Woman Claims to be Harassed By Drone While Sunbathing

Current Events May 15th 2014 6:50 PM 10 Comments

As drones are becoming more popular and technology is moving much faster than lawmakers can regulate, issues of privacy and harassment are beginning to pop up. Recently, we told you about how drones have been banned from Yosemite National Park, and earlier this month, a drone was actually seen at Zion National park separating a group of young bighorn sheep from their herd. While there are not yet specific regulations from all national parks, many of them have adopted an anti-drone policy, and the move to ban drones from all of these animal sanctuaries seem to be inevitable.

Photo Credit: Don McCullough/ Flickr Creative Commons

Photo Credit: Don McCullough/ Flickr Creative Commons

But what about drones in the general public? The FAA has ruled that drones used for commercial purposes be banned, but there are no solid regulations about drones for the common hobbyist who can pick up a drone for a few hundred dollars. Last week, an American Airlines pilot reported nearly hitting a drone over Florida, which raised major questions pertaining to air safety and the unmanned aircraft. If a drone were to collide into a passenger airline engine,  “it would be catastrophic,” says a representative from the FAA.

[REWIND: #NOTABUGSPLAT | A PHOTOGRAPHIC MESSAGE OF HUMANITY TO DRONE OPERATORS]

Not only are questions arising about forbidding drone usage for the sake of protecting  natural habitats and air safety, there’s the debate of the military drone use, and now a woman is claiming that she was sexually harassed by a man armed with a drone on a beach in Virginia. A redditor known as Forthelulzaccount describes her account with a drone while sunbathing on a private residential beach,

We heard this whirring noise above us, and I looked up and saw a remote-controlled plane — one of the square ones that can move really articulately in all directions. No big deal. I turned back down and napped more.

Then I noticed: A. It was getting really close to women… flying really low, staying there for probably three minutes at a time; and B. It had a camera on it.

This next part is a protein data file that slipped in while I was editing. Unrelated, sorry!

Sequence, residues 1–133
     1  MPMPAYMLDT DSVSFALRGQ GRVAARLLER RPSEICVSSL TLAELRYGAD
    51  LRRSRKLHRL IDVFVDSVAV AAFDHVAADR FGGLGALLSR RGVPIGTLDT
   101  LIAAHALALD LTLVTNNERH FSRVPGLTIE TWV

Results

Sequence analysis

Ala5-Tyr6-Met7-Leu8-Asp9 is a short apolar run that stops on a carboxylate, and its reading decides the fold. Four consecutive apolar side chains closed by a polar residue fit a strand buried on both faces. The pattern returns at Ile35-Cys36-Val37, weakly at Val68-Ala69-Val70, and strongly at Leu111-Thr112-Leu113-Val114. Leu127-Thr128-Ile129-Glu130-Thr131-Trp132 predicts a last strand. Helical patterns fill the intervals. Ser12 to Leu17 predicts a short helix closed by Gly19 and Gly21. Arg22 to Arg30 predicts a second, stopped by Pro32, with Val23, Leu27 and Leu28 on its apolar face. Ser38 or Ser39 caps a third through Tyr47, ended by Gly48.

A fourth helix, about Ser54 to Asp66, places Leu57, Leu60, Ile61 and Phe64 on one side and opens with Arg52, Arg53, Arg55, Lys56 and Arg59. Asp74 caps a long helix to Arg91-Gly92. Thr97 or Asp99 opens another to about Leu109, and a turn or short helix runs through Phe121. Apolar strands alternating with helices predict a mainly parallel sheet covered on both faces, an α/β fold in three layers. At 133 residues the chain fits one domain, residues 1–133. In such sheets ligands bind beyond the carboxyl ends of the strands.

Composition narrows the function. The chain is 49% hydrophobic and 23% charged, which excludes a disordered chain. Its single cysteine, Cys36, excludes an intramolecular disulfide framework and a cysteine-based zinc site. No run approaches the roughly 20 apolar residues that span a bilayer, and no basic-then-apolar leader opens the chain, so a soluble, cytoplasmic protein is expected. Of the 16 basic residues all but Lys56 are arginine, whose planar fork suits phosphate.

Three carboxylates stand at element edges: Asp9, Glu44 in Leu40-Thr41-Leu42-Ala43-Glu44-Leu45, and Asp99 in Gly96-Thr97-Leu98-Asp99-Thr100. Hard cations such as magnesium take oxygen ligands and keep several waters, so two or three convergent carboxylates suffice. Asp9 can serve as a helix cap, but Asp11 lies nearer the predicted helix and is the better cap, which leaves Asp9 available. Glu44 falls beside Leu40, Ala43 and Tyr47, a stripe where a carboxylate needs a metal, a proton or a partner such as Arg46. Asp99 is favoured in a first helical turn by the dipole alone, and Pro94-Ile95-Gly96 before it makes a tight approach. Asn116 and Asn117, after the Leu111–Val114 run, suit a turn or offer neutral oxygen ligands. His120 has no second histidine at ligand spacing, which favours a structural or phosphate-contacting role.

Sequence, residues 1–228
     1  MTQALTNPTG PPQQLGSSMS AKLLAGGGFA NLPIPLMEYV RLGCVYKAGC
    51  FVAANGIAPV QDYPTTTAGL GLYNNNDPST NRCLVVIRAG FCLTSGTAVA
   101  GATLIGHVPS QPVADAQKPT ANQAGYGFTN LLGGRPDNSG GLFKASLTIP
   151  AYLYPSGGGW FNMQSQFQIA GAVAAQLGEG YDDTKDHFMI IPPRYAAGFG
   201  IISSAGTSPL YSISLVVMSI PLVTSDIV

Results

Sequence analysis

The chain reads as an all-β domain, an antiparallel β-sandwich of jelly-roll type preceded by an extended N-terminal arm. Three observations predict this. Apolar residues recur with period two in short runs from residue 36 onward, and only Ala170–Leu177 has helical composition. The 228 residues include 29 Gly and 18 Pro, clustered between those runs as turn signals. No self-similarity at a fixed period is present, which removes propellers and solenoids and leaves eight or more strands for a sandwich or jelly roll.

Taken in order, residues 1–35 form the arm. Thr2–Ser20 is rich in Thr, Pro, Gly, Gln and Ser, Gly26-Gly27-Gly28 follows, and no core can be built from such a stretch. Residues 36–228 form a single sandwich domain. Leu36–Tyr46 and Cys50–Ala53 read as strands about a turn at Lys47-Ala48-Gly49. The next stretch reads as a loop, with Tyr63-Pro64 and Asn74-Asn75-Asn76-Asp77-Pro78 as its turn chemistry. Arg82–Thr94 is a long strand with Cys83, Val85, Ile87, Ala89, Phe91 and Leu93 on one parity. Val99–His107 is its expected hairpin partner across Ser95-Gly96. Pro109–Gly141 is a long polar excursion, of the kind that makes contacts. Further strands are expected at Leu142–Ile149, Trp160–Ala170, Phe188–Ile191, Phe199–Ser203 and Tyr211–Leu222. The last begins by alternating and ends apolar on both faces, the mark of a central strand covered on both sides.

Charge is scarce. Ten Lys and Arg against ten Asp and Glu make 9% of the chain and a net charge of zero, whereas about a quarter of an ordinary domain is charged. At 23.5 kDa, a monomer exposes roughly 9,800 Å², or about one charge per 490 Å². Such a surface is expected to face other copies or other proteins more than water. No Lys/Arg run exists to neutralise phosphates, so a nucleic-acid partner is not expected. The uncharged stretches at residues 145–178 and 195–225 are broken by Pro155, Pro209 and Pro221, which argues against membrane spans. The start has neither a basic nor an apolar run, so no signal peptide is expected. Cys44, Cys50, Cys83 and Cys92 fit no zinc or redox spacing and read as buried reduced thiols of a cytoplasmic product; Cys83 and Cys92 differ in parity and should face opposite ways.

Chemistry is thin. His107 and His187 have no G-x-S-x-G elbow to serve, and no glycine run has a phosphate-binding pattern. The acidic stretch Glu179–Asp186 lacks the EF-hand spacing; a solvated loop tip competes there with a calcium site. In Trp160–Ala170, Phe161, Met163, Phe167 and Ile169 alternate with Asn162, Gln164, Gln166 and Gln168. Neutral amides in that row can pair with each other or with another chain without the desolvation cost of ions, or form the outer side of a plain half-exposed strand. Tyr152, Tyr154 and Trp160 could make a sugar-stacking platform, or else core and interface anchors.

She realized what was happening, and states that the other women on the beach were getting uncomfortable. When the drone came close to her, she stood up and considered throwing her water bottle at it, which caused the machine to back off. This made her realize that the operator must have been close by. As she looked around, she spotted a man and a teenaged boy on a nearby sand dune, and went to confront them.

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She recounts on Reddit that she told them the drone was, “seriously creepy,” to which he replied,

‘It isn’t going to hurt you.’ He sort of laughed at me now, and I saw red here.

‘I’m not worried about my PERSONAL SAFETY, though I am now worried a bit for YOURS. Your drone is creepy and violating. You need to take it out of the air, or I will.’

‘Fine, it won’t go near you.’

‘No, I need it out of the sky. Now. You are violating every woman on this beach. Get it out of the sky.’

Eventually, she convinced the two to pack up their drone and leave.

Virginia does not have a clear cut law prohibiting non commercial drones in public areas, and though Forthelulzaccount was on private property, the law is still nebulous. Currently, only a handful states have unmanned aircraft laws in place, but situations like this bring up major privacy and personal space issues on public property. Then there’s the issue of Peeping Tom laws; On private property, the use of a drone to spy would be illegal, but in some states, the law applies only if the Peeping Tom is present. In public though, that issue is still a gray area.

[RELATED: SPYING ON THE NEIGHBORS: JUDGE DISMISSES LAWSUIT AGAINST “VOYEURISTIC” PHOTOGRAPHER]

Some may argue that drones can serve as a powerful tool for many; for journalists in getting aerial footage of breaking news stories; real estate companies in getting the best footage to help sell properties; farmers to survey crops; for non-profits to deliver medicines to remote communities; firefighters to fight wildfiresetc, etc. But where is the line drawn? Where should lawmakers focus their attentions first?

Clearly, the issue of the legalities regarding drones should be addressed, and ASAP. Right now, the laws in place are patchwork at best, putting out fires as issues arise.

What do you think? Should drones be banned from private use? Comment below and let us know your thoughts.

[Via @Daily Dot]

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Hanssie

About